Easter: Sacrifice & Resurrection, or Sex & Fertility?
On Good Friday, I taught my regular morning Yoga class. I thought about the fact it was Easter weekend and felt like I wanted to say something meaningful.
I grew up in an agnostic farming family, where the closest we got to God in a Christian sense was Dad saying to the sky, “Send ‘er down, Hughie,” when we were waiting for rain.
All I honestly knew — prior to some research for this story — was that Easter is a time for eating lots of chocolate eggs… and I vaguely remembered my step-grandfather being very grumpy during Easter because of something called Lent, which meant he couldn’t drink wine.
Instead of making up some bogus metaphor, I asked the people who’d come for the class. There were snippets of knowledge… one said Good Friday was the day Jesus was crucified, and Sunday was the day he was born again.
Someone else said it was originally a pagan festival, appropriated by the Christian Church as its own.
I got home and wondered more about it. It’s an important time in Western culture. Schools close, businesses close, supermarkets overflow with colorful foil-wrapped chocolate eggs and bunnies. But how many of us actually know what it’s all about?
I did some delving…
Google says it’s “The most important and oldest festival of the Christian Church, celebrating the resurrection of Christ.”
And there were plenty of Christian sites that went into greater detail about the crucifixion, Jesus’s sacrifice for the sake of humanity, etc. — basically, a crash course in Christian Easter 101.
But where do chocolate eggs and bunnies come into it?
After class, one of the Yoga regulars sent me a picture of a voluptuous looking female figure carved out of stone with the following words:
“Easter was originally the celebration of Ishtar, the Assyrian and Babylonian goddess of fertility and sex. Her symbols (like the egg and the bunny) were, and still are, fertility and sex symbols. After Constantine decided to Christianize the Empire, Easter was changed to represent Jesus.
But at its roots, Easter (which is how you pronounce Ishtar) is all about celebrating fertility and sex.”
I searched origin of Easter to find a source to back this up, and found an article by Heather McDougall, titled The Pagan Roots of Easter published by The Guardian, which elaborates on the Ishtar connection.
She starts with the statement, “Easter is a pagan festival.” And goes on to say, “Early Christianity made a pragmatic acceptance of ancient pagan practices.”
Apparently resurrection stories of good triumphing over darkness were widespread in the ancient world, including Egyptian god Horus who, like Jesus, was born on 25 December, and also was resurrected after his death (a long time before 0 AD). The eye of Horus (now a popular tattoo design) came to symbolize birth and rebirth.
And then again the mention of goddess Ishtar who was apparently hung naked on a stake, and subsequently resurrected and ascended from the underworld.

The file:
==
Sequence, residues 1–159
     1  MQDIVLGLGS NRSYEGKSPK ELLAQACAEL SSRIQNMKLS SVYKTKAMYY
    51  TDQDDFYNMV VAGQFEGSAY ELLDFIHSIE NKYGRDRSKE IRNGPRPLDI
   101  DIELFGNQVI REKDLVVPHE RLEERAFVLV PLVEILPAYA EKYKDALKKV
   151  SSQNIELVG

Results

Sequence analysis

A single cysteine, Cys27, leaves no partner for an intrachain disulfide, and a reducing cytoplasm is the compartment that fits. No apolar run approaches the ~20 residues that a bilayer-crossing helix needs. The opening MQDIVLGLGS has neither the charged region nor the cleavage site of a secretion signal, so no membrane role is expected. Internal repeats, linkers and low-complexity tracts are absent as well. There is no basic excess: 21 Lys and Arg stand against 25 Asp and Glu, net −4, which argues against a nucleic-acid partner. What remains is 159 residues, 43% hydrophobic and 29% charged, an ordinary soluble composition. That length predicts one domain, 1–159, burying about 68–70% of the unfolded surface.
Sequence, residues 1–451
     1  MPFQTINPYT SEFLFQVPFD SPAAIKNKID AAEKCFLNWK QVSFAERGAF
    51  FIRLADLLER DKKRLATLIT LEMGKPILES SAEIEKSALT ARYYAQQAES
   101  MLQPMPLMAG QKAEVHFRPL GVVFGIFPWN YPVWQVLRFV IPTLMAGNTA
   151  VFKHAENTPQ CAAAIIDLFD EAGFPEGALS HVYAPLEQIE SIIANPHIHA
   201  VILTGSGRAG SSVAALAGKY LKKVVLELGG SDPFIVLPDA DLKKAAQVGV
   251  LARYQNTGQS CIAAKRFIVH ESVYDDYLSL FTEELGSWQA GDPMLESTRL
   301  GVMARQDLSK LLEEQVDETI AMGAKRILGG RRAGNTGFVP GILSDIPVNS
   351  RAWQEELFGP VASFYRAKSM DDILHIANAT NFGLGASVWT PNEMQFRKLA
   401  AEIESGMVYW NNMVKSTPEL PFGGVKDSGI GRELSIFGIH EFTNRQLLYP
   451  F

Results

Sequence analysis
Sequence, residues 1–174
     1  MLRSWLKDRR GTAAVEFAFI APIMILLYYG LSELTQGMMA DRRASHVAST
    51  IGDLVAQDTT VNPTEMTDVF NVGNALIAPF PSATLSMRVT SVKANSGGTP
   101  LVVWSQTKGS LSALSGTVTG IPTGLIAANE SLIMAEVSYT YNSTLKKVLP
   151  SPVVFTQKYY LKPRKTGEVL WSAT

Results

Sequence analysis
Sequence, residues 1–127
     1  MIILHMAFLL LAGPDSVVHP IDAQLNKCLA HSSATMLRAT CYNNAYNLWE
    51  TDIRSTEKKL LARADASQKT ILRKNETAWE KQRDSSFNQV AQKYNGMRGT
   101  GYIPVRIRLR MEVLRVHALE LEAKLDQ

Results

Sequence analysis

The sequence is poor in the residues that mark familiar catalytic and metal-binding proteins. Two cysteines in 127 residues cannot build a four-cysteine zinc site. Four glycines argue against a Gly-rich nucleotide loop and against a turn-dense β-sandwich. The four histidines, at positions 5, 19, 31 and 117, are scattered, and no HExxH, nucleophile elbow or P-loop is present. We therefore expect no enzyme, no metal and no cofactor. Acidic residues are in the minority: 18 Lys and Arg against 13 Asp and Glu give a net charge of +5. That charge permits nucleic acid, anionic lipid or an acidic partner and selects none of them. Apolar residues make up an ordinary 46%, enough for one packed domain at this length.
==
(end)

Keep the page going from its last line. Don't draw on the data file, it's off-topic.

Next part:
The Christian Answers site agrees with the Ishtar origin, stating:
“The name ‘Easter’ has its roots in ancient polytheistic religions (paganism). On this, all scholars agree. This name is never used in the original Scriptures, nor is it ever associated biblically with the death and resurrection of Jesus Christ.”
According to this site, Ishtar was the widow of Nimrod — Noah’s naughty great-grandson, and the mother of Tammus (apparently born illegitimately after the death of Nimrod) who she insisted was the result of Immaculate Conception and was actually Nimrod resurrected… sound familiar?
It’s all very convoluted, and there are many crossovers between the Christian stories of Easter, and these much older pagan traditions.
Another site, We The One People, says:
“Most historians, including Biblical scholars, agree that Easter was originally a pagan festival. The New Unger’s Bible Dictionary says: ‘The word Easter is of Saxon origin, Eastra, the goddess of spring, in whose honour sacrifices were offered about Passover time each year.
By the eighth century, Anglo-Saxons had adopted the name to designate the celebration of Christ’s resurrection.’ However, even among those who maintain that Easter has pagan roots, there is some disagreement over which pagan tradition the festival emerged from.”
The picture at the top of this story is of Goddess Ostera (also known as Eastra). Although the myths of Ishtar predate Eastra, it is likely that traditions such as eggs and rabbits come more from the celebrations of Eastra (Spring Eqinox) than Ishtar.
It also seems likely that the stories of Jesus were molded to fit in with the pre-existing pagan celebrations of Ishtar’s death and resurrection in order to convert the people to the new faith.
And then there are those who believe Jesus was a Yogi.
Who knows what the real story is?
Three things I know for sure:
- Chocolate is delicious.
- Bunnies are cute and furry.
- Eggs are a symbol of birth and new beginnings.
So this Easter I will be searching for and eating Easter eggs with my kids, cuddling a bunny if one should cross my path, and beginning again with each new breath.
Make up your own story. It may be the only truth there is.
PS: One commonality that both the Christian and Pagan stories share is sacrifice of humans and animals. This Easter let’s focus on peace and unity, and sacrifice only bigotry, selfishness and cruelty.
Leonie Orton is a blogger who writes intimate stories about life. She is also a freelance copywriter for businesses looking for unique, emotive words. When not writing, she’s teaching Yoga, playing with flowers, growing vegetables, exploring Earth, and adoring two spirited sons. You can get in touch with her via her website and Facebook, or sign up at her weekly blog.